All four of the so-called "PIGS" (Portugal, Ireland, Greece and Spain), who have either received massive bail-outs or look poised to get one, are among the 16 teams at the finals in Poland and Ukraine, which start on Friday. And although footballers are often criticised for living in ivory towers, shielded by sky-high salaries from the daily hardships of ordinary people, the fall-out from the deepening sovereign debt crisis and austerity measures has not passed them by.
Spanish coach Vicente del Bosque may have been characteristically direct when asked about the potential impact on the country were La Roja to retain the title they won in Austria and Switzerland four years ago. "Winning the Euros won't solve Spain's problems," he said gruffly after Spain's hard-pressed Prime Minister Mariano Rajoy visited the squad.
But midfielder Xavi Hernandez recognised that another tournament victory by the world champions could reap benefits -- if only for the national mood. "We're in the midst of a serious crisis and, in one sense, football is a good thing for it," said the 32-year-old Barcelona star. "If the national team is playing well then that can also have an effect on people's character.
"Let's see if we can provide some joy for the people." Spain have been drawn in Group C with the Republic of Ireland and another country in serious trouble, Italy, leading some wags to dub it "the group of debt". For Italy coach Cesare Prandelli it is obvious that Italians need something to smile about but that has been his mantra since he replaced Marcello Lippi following the Azzurri's humiliating first round exit at the 2010 World Cup finals.
Italy were world champions at the time. "I knew that the first thing I had to do was to bring the national team closer to the people of Italy again," said the 55-year-old, who quit Roma in 2004 after his wife Manuela was diagnosed with cancer and later died. "We are very privileged. Someone asking for a photograph or an autograph cannot possibly be a hassle."
Similarly, while he said he would have no problem in withdrawing the team from the competition in the wake of the latest match-fixing scandal to hit Italian football, he was equally clear about what a series of good performances could do. "We know how important football is to the people of Italy and some good performances by the team on the pitch can at least bring them some succour," he said.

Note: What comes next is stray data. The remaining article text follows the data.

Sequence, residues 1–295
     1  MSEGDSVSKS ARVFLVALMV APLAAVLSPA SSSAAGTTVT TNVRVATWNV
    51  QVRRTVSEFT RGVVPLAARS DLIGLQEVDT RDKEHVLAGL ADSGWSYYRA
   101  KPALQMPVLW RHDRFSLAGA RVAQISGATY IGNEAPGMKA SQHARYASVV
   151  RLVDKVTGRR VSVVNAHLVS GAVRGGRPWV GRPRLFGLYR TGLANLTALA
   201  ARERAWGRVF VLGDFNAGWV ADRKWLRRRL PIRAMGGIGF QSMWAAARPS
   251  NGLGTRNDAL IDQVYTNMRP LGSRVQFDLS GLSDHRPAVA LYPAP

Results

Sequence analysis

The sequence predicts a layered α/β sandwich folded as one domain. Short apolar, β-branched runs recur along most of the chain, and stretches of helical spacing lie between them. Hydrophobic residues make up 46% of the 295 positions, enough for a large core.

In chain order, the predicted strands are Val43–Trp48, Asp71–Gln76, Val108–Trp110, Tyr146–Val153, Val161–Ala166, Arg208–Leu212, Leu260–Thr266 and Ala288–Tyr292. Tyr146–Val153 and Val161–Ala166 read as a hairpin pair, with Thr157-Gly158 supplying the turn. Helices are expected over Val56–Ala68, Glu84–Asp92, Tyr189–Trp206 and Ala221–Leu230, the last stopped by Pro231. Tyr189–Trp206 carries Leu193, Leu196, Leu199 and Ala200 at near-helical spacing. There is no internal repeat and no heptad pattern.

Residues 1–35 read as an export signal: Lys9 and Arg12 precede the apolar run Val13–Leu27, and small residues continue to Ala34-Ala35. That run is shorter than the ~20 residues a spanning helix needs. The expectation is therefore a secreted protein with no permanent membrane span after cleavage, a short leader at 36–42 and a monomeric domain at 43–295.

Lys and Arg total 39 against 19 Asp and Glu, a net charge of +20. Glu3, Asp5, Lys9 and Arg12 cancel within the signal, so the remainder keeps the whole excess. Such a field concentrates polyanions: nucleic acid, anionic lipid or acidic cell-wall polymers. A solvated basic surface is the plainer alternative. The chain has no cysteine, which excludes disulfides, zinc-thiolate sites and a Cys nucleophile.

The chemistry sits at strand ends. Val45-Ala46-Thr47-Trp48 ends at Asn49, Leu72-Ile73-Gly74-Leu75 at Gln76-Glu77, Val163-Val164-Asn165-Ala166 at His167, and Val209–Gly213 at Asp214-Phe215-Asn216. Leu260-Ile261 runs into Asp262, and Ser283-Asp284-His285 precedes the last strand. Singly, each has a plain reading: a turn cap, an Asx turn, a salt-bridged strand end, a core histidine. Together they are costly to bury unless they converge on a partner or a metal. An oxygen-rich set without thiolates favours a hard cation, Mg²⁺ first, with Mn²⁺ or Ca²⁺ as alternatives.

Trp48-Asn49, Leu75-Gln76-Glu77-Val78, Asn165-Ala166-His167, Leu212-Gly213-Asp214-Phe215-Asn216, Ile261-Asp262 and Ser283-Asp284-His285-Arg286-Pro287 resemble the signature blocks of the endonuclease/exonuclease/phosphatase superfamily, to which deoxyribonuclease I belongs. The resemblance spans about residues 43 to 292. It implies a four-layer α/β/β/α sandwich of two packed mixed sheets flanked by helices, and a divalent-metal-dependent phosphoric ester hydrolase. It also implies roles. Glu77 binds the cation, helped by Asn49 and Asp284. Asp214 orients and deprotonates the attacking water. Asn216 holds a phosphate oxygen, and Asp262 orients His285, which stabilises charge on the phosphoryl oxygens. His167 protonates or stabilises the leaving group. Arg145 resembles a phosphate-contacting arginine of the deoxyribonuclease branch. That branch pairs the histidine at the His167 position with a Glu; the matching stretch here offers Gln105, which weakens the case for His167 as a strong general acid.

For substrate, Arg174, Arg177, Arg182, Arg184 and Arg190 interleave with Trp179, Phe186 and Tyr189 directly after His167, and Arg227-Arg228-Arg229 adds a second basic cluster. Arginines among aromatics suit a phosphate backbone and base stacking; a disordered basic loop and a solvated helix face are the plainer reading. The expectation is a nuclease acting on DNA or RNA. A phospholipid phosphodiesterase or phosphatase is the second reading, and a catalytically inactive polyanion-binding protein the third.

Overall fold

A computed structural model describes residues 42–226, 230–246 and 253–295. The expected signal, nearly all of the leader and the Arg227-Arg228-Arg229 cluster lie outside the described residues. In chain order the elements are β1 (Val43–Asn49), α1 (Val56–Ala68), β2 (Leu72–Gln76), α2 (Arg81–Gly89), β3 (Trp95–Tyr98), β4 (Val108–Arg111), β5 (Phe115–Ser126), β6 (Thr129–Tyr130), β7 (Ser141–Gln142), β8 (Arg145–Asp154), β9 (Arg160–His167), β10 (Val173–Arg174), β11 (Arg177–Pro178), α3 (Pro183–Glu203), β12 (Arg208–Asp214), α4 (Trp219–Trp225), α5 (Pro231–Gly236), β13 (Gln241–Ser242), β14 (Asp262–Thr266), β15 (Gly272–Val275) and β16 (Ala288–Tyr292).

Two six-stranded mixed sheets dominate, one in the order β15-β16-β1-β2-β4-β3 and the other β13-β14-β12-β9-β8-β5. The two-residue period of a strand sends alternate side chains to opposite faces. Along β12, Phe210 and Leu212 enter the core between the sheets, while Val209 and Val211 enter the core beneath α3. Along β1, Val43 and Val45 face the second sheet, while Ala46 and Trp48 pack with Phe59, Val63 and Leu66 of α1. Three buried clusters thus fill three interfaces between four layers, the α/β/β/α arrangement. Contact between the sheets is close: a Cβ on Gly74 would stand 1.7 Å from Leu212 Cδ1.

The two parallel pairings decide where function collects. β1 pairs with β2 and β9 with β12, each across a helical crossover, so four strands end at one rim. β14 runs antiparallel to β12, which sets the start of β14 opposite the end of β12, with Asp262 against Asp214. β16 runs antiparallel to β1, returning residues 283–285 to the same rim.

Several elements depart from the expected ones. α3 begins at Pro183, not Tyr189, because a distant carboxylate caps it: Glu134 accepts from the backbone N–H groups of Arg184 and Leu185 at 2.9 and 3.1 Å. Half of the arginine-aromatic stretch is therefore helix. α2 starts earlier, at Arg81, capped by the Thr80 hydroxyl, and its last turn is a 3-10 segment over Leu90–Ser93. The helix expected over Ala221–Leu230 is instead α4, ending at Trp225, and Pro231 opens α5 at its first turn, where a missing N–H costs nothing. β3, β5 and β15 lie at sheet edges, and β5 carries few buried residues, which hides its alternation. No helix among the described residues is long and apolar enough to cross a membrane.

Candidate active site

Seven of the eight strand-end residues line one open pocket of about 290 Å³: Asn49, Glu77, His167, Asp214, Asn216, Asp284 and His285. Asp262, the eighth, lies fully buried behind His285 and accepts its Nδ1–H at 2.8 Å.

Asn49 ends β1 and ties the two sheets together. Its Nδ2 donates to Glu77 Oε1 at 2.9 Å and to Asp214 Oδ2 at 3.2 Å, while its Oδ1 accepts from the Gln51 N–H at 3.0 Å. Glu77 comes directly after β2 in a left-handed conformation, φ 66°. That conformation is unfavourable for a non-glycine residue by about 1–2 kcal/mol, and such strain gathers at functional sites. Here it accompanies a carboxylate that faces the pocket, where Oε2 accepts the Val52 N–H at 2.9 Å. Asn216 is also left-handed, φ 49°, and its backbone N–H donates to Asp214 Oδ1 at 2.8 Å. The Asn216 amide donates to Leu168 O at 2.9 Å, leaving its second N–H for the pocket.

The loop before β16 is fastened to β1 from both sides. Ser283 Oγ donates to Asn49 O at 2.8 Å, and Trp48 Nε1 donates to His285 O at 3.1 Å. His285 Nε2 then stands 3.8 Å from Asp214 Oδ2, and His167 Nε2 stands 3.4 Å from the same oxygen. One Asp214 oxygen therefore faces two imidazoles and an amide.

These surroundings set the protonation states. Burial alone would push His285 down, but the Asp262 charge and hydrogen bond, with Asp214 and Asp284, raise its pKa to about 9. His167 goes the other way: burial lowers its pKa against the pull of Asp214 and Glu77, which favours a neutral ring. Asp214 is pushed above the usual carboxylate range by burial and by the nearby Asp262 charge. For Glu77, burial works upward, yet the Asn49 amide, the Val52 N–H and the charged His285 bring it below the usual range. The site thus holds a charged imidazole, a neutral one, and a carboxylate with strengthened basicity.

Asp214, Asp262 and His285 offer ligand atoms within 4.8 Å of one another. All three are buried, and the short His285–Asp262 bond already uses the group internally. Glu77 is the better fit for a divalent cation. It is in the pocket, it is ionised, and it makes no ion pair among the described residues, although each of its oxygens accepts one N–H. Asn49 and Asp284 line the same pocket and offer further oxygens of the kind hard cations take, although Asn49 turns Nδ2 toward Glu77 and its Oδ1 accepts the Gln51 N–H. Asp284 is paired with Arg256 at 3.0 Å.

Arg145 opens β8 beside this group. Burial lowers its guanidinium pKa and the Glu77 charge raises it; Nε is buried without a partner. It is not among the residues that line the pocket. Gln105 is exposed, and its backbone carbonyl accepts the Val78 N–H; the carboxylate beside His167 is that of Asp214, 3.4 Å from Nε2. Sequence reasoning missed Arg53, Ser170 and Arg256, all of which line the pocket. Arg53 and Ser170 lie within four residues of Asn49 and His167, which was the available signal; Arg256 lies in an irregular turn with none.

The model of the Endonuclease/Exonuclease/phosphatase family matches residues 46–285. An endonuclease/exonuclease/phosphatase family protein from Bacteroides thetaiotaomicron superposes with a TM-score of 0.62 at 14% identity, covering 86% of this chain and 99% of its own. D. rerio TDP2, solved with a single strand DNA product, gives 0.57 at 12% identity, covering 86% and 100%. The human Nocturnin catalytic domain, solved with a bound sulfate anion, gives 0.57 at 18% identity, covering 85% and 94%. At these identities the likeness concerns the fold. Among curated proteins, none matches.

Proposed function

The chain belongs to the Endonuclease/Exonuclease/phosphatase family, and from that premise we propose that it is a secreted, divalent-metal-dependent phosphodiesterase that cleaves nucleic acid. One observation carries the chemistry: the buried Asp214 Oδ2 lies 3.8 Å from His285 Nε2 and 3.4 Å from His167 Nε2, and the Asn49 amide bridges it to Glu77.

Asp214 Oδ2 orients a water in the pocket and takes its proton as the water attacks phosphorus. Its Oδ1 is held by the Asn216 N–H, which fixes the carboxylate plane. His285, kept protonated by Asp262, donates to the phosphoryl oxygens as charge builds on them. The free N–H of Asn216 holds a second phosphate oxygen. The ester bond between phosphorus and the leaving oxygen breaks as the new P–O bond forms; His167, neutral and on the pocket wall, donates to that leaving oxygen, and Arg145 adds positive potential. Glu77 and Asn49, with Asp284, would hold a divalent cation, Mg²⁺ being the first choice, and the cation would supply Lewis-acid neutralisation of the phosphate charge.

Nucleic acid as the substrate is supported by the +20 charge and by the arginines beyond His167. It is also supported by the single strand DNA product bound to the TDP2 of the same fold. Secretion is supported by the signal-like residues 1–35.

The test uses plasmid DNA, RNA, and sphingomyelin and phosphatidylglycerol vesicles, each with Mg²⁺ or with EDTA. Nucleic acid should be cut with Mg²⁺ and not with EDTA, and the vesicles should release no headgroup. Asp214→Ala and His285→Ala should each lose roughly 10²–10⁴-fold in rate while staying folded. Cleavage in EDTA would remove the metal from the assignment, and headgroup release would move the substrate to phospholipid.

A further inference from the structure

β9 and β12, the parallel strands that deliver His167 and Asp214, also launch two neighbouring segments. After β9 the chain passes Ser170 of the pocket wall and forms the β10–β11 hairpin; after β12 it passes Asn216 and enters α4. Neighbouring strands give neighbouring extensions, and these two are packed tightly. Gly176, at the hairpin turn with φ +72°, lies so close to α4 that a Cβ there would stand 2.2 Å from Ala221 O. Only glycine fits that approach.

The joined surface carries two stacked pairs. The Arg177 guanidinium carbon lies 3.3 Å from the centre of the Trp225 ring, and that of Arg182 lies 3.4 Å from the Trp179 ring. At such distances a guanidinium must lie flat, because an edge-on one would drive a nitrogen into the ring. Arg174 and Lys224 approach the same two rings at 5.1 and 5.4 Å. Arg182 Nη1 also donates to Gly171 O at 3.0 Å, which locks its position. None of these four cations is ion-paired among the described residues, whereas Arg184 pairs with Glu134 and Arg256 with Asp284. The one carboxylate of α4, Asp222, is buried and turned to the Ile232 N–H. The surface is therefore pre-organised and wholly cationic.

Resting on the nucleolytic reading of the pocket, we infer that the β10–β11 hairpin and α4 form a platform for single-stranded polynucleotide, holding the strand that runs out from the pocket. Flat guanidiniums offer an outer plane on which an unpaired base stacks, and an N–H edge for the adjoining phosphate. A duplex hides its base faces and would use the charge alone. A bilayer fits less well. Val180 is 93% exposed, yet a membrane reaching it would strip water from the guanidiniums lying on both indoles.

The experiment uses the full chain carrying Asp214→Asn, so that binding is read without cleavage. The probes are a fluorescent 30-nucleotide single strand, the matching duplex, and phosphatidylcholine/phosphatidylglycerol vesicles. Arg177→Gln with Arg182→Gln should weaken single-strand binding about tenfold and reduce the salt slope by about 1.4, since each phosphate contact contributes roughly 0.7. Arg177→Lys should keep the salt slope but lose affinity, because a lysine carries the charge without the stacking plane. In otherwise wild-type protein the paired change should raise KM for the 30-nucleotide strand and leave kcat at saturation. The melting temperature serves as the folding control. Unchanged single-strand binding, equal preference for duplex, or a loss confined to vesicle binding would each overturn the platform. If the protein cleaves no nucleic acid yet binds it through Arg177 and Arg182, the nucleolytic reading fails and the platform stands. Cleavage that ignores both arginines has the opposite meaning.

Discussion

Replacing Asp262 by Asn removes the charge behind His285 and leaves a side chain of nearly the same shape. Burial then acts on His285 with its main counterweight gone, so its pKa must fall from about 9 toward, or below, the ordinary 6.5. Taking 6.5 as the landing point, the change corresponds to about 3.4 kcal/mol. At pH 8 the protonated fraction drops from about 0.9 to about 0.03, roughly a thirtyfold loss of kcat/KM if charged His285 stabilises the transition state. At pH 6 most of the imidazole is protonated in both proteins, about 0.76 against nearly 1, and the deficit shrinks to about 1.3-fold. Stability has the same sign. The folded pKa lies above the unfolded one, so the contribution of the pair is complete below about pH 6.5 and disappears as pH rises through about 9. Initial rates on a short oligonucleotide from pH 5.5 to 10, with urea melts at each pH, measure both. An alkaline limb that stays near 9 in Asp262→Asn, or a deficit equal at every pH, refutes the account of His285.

Irish striker Shane Long, too, has seen how badly affected people in Ireland have been by cost-cutting, redundancies and home repossessions and is keen to do something special -- even in the smallest of ways. "There are tough times at home at the moment and it makes you appreciate how much effort people are going through to try to get out to Poland to support us," the 25-year-old said.
"I know even in Tipperary (Long's home county) there are a lot of people asking for tickets through Facebook. They are going out of their way to support us." Greek citizens have suffered the most from the European debt crisis. Fernando Santos is keen to give them something to smile about, with a second general election pending, the country's future in the euro in doubt and no end in sight to drastic cuts demanded in return for EU handouts.
Santos, who was criticised for receiving a massive 45 percent pay rise from the Greek football federation when he signed a new contract this year, said he is looking for passion and commitment from his players to lift a beleaguered nation. "What I want the Greeks to know is that we will bleed to succeed. We will give 100 percent for Greece. The fans should have faith in us," he said. "In all our matches we always strive hard and we always want to honour Greece and to bring some joy to a people who see joy now only through an eye-dropper."